Wednesday, January 11, 2012

Frazetta and the Old Man

I walked into the kitchen and was greeted by Ellie Frazetta. This was late in 1995. She said: "Hi Dave! Frank is anxious to see you. He started painting left handed. He finished his first oil. It's a picture of an old man. I looked at it and started to cry." Before I could ask Ellie why she cried, Frank emerged out of the studio, shook my hand, and offered me some coffee. We went directly to the studio. The words of Ellie still puzzled me, but not for long.

I walked into the studio and saw the small painting of a little old man on his easel. I immediately congratulated Frank on the outcome and expressed my amazement at how well it turned out. It was his very first left handed oil after his major strokes. Before this he had drawn a number of pencil drawings of varying quality. This was a breakthrough.

I knew then and there why Ellie cried. Frank had painted himself, how he felt, how diminished and frail he had become. Somehow, some way, his subconscious had directed him to this subject matter. I didn't pursue it. I shot a few photos of the oil, made some more laudatory comments, and then moved on to another topic. That little oil hit me like an emotional sledgehammer. I had to sit down. I couldn't even look at Frank for a few minutes. I sipped my coffee. I felt sorry for Frank, deeply and profoundly sorry. He felt his mortality and loss of native powers. He was trying to exorcise those feelings with this oil. He never returned to that theme. I don't blame him.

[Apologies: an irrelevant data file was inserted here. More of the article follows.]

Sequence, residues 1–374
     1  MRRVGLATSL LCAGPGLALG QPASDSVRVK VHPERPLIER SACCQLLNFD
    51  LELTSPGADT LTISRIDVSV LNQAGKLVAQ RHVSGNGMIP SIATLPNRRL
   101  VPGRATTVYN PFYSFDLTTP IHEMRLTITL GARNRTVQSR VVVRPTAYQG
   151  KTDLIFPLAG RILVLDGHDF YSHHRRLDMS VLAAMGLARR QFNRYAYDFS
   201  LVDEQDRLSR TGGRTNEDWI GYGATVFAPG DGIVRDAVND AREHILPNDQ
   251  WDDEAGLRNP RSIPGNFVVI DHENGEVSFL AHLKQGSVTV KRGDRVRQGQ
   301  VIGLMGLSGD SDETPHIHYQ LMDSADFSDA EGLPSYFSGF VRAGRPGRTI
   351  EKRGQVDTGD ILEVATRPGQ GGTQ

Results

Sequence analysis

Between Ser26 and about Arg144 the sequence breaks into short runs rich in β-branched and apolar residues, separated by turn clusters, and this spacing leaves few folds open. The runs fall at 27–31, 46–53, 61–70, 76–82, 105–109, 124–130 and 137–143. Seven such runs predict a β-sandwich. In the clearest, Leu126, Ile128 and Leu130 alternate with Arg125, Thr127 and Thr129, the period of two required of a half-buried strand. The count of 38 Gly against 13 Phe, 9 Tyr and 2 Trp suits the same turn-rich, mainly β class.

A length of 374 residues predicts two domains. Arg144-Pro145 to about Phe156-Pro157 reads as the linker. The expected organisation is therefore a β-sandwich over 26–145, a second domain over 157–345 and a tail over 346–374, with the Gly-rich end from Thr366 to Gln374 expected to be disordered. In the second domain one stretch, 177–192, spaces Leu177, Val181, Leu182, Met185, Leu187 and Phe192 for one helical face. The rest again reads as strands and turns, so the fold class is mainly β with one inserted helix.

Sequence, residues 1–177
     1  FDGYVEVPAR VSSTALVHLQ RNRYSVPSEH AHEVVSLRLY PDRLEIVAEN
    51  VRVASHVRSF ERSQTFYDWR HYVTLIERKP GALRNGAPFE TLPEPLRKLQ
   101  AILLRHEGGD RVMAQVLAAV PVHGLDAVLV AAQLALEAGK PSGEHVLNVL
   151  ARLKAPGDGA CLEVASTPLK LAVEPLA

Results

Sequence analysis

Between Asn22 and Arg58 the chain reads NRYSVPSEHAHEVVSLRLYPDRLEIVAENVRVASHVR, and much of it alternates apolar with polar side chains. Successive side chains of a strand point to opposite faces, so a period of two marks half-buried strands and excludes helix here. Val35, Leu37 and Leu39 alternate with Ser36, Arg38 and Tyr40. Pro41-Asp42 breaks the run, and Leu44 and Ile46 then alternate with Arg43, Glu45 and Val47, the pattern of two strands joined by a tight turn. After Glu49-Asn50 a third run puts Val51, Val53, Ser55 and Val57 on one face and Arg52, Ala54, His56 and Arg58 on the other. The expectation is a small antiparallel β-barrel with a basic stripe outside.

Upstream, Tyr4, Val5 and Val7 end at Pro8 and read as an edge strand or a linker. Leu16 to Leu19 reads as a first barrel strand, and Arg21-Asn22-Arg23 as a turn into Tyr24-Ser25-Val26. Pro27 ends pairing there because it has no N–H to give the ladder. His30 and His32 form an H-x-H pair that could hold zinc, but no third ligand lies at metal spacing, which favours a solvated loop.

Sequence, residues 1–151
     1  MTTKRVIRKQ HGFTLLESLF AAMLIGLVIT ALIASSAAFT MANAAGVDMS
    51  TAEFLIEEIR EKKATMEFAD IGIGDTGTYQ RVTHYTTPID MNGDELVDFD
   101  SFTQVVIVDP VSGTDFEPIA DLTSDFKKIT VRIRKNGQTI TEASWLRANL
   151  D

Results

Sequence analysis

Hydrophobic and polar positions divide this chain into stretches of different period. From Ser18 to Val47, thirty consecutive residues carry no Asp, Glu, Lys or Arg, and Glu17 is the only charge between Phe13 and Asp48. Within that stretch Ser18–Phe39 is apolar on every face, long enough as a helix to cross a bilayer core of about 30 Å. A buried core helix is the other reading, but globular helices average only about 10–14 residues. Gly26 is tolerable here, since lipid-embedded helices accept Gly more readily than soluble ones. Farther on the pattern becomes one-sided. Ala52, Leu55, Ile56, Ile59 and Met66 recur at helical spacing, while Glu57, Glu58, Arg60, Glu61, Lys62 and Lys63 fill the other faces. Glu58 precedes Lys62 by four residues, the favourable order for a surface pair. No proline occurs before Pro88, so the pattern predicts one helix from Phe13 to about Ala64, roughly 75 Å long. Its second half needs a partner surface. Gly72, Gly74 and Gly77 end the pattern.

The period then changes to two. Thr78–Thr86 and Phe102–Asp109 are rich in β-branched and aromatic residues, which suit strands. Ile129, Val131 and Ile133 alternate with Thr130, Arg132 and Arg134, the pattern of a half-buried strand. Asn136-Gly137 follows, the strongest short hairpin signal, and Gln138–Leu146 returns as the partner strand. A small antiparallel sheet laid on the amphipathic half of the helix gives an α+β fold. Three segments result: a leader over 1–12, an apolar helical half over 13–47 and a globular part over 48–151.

It's often been said that the true autobiography of an artist can be seen in his works. At this moment, that was never truer.

(c) 2012 Doc Dave Winiewicz